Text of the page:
The aim of this study was to evaluate the frequency of EP among SEL of the upper GI tract reported in the German EUS Registry of the German Society for Ultrasound in Medicine (DEGUM), their typical endosonographic features, and the role of EUS-guided fine needle aspiration (EUS-FNA) for diagnosis.


  Methods Top


Using the prospectively enrolled online database of the German EUS Registry, we identified 24,308 EUS examinations performed by 62 examiners from January 2009 to August 2013. The anonymized data collection of the registry included age and sex of the patient, indication for examination, type of echoendoscope used, adverse events, indication-specific quality indicators and final diagnosis. For EUS examinations of suspected SEL the following specifications were recorded: size of the lesion, echogenicity/echo-pattern (anechoic, hypoechoic, hyperechoic, mixed echogenicity), assignment of layer of origin (yes, no, infiltrating), EUS-FNA performed (yes/no). For EUS-FNA cases, information on needle size, number of needle passes, adequacy of material for cytopathological and histopathological examinations, benign/neoplastic or malignant nature of the lesion, and specific diagnosis are available. No information was collected about symptoms, specific layer, outline, or endoscopic features.

We retrospectively reviewed all cases with the final diagnosis of EP of the upper GI tract and identified localization, size, echogenicity, and results of EUS-FNA, if performed.


  Results Top


Among 575 EUS examinations performed for SEL of the upper GI tract, we identified 63 patients (33 female, 30 male) with the final diagnosis EP (15.6%; stomach, n = 53; duodenum, n = 10; esophagus, n = 0). Among defined SEL, EP was the third most frequent (11.0%), the relative frequency in the stomach being higher than in the duodenum and the esophagus [15.4% vs. 5.7% vs. 0%; [Table 1] and [Table 2].
Table 1: Relative frequency of different types of subepithelial lesion in the stomach and duodenum

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Table 2: General characteristics of patients and subepithelial lesion with final diagnosis of ectopic pancreas of the upper gastrointestinal tract

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EUS was performed using curvilinear echoendoscopes (n = 20, 31.7%), radial echoendoscopes (n = 38, 60.3%), and miniprobes (n = 3, 4.8%). In two cases, no information on the type of echoendoscope was available. EUS-FNA of suspected EP was performed in three cases only (4.8%). None of the patients developed any adverse events in association with the EUS procedures.

In 58.7% of cases, EPs of the upper GI tract were described to have mixed echogenicity, in 28.6% of cases, the lesions were hypoechoic, and in 7.9% echogenic. Identification of the layer of origin was feasible in 88.9% of cases. Mean diameters were 13 ± 5.4 mm × 8.1 ± 3.8 mm (range: 5 mm × 4 mm–35 mm × 19 mm), the mean long/short axis ratio was 1.75 ± 0.64 [Table 2].

Stomach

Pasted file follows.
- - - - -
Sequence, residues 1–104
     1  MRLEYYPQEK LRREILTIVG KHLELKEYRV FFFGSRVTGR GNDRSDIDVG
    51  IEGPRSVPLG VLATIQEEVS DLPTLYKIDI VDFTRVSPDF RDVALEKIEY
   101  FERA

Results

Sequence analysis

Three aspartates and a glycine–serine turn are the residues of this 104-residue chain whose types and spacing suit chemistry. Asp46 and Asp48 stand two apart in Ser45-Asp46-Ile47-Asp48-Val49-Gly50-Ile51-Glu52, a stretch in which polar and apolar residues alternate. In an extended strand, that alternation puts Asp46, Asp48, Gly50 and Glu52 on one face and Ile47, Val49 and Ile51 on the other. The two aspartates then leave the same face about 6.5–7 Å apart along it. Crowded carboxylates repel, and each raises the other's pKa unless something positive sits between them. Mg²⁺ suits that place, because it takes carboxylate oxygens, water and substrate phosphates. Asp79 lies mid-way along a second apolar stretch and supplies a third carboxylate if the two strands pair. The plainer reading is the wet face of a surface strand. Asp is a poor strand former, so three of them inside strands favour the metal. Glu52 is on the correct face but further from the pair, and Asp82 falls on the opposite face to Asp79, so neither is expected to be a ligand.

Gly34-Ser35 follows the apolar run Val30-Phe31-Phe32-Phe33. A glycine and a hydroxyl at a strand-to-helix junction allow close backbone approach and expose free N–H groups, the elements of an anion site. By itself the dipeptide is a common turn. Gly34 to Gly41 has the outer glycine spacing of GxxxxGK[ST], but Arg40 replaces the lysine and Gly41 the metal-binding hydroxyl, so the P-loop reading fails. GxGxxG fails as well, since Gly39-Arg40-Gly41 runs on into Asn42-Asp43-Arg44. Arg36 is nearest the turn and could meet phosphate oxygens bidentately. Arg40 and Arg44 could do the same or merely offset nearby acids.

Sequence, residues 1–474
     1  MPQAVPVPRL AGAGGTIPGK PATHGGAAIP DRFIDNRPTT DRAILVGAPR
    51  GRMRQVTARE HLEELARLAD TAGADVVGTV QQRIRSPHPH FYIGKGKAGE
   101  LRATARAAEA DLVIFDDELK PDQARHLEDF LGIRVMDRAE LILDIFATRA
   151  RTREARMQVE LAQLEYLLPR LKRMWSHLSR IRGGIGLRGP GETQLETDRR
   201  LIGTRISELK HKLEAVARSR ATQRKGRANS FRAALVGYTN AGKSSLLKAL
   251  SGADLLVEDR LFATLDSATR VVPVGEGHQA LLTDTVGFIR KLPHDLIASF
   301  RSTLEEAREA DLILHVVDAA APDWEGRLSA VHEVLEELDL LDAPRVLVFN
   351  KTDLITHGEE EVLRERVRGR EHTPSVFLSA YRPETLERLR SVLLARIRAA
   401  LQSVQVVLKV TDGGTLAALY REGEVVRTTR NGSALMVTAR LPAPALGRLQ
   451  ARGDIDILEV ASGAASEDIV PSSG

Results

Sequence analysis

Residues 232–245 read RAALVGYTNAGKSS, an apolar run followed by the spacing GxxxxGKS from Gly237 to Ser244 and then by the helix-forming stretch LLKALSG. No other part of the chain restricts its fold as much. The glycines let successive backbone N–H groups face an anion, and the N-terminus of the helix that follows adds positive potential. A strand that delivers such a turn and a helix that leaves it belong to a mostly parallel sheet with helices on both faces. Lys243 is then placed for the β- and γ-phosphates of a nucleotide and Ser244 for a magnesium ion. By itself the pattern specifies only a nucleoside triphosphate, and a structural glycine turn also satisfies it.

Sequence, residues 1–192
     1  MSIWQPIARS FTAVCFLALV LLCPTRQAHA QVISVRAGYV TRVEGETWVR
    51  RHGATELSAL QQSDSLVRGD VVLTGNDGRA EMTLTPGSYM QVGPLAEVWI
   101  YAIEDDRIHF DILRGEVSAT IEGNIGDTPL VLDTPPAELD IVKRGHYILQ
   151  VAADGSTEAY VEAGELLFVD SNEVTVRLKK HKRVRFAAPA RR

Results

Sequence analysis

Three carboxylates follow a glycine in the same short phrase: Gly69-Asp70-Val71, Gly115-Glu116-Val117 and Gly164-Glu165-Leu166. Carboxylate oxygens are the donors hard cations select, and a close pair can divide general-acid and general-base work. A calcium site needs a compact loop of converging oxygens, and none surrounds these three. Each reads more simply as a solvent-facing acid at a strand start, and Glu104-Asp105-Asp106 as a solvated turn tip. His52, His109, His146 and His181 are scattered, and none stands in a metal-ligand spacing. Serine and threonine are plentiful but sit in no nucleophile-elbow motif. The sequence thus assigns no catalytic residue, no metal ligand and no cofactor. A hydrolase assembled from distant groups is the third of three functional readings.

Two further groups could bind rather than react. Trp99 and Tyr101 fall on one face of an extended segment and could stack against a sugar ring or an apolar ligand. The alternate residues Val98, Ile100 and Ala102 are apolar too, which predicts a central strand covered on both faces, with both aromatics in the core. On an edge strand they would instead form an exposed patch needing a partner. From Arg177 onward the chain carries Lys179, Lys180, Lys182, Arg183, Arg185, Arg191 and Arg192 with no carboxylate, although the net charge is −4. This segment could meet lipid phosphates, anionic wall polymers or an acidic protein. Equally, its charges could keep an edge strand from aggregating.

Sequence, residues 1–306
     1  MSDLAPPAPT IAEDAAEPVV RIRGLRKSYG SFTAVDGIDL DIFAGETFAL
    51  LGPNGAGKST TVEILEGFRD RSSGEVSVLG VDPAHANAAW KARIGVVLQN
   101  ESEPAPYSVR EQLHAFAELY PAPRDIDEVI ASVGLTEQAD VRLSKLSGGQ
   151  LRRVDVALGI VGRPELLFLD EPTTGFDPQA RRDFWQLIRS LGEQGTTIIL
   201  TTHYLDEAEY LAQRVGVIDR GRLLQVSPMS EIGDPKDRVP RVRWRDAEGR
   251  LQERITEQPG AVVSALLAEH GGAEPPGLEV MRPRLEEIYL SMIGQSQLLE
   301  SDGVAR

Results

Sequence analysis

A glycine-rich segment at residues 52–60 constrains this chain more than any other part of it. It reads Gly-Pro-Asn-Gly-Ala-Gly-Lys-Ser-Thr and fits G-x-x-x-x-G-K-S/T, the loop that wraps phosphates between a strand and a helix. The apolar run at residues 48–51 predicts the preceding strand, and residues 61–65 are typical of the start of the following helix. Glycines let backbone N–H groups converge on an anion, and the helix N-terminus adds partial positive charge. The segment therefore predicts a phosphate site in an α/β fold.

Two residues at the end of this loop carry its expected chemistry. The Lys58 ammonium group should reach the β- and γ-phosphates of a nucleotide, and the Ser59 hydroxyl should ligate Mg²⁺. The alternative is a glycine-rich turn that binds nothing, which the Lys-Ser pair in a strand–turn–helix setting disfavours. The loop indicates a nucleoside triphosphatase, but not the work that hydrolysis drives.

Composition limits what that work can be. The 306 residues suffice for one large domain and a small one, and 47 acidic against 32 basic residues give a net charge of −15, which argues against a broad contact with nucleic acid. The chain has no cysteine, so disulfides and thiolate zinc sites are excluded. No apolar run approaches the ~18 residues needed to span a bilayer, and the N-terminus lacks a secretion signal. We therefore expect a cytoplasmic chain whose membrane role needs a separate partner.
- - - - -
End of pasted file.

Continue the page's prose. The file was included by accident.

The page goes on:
EP accounted for 23.2% of 228 gastric SEL. The 53 patients with gastric EP included 29 men and 34 women, age ranging from 11 to 82 years (mean age: 51 years). In average, the lesions measured 13.2 ± 5.8 mm (range: 5–35) × 8.1 ± 4.0 mm (range: 3–22 mm). The long/short axis ratio was 1.76 ± 0.65. Mixed echogenicity was described in 52.8% of gastric EP, homogeneous low echogenicity in 37.7%, and homogeneous high echogenicity in 9.4% of cases [Table 3].
Table 3: Size and echogenicity of 53 cases of gastric ectopic pancreas

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Duodenum

Ten patients with duodenal EP were identified among 176 examinations performed for duodenal SEL. The patients included 4 men and 6 women, age ranging from 55 to 76 years (mean age: 66 years). Mean diameters were 11.7 ± 2.4 mm (range: 7–15 mm) × 7.9 ± 2.8 mm (range: 5–13) mm (long/short axis ratio: 1.63 ± 0.63. Nine of ten duodenal EP were described as SEL of mixed echogenicity, one case as homogeneous and hypoechoic [Table 4].
Table 4: Size and echogenicity of ten cases of duodenal ectopic pancreas

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Esophagus

No EP case was identified among 171 cases of esophageal SEL.

EUS-FNA was performed in 4 cases for differential diagnosis of gastric SEL, finally diagnosed as EP. Nineteen gauge (G) aspiration needles were used in three cases, a 22 G aspiration needle in one case. Adequate material facilitating a specific diagnosis of EP was obtained in three cases of hypoechoic SEL with 2–4 needle passes using 19 G (n = 2) and 22 G (n = 1) aspiration needles. In another case of gastric EP with mixed echogenicity, EUS-FNA using a 19G aspiration needle (>4 needle passes) failed to obtain adequate material for specific diagnosis.


  Discussion Top


Heterotopic pancreatic tissue can be located anywhere along the GI tract. The most common sites are stomach, duodenum, and jejunum. EP has been also reported in the colon, spleen, liver, Meckel's diverticulum, gallbladder, bile ducts, lung, esophagus, pelvis, or fallopian tubes.[7],[14],[15],[16],[17],[18],[19] In one of the largest series of EP published so far (n = 184), 53% of EP were found in the stomach, 26% in the duodenum and jejunum, 13.8% in the minor and major omentum and mesenteries, 2.7% in spleen and splenic hilum, 2.2% in esophagus, and 1.5% in other rare locations.[7] In a review of 544 surgical cases from several publications, 27% of EP were localized in the gastric wall, 29% in the duodenum, 16% in the jejunum, 6% in the ileum, 6% in Meckel's diverticulum, 3% in gallbladder, and 13% at miscellaneous other sites.[15] In our series, EP was more frequently found in the stomach (23%, third most frequent defined SEL) than in the duodenum (6%, fifth most frequent SEL). No EP was found in the esophagus. The frequency distribution of upper GI SEL in the German EUS Registry database is very similar to that of other large cohorts.[5],[6] As expected, the most frequent gastric SEL was GIST and the most frequent esophageal SEL was leiomyoma. Surprisingly, the most EUS examinations for duodenal SEL diagnosed lipoma. The fact, that some SEL may be diagnosed without EUS with a high degree of certainty (e.g., gastric lipoma, gastric varix), may have influenced the frequency distribution of upper GI SEL of the German EUS registry.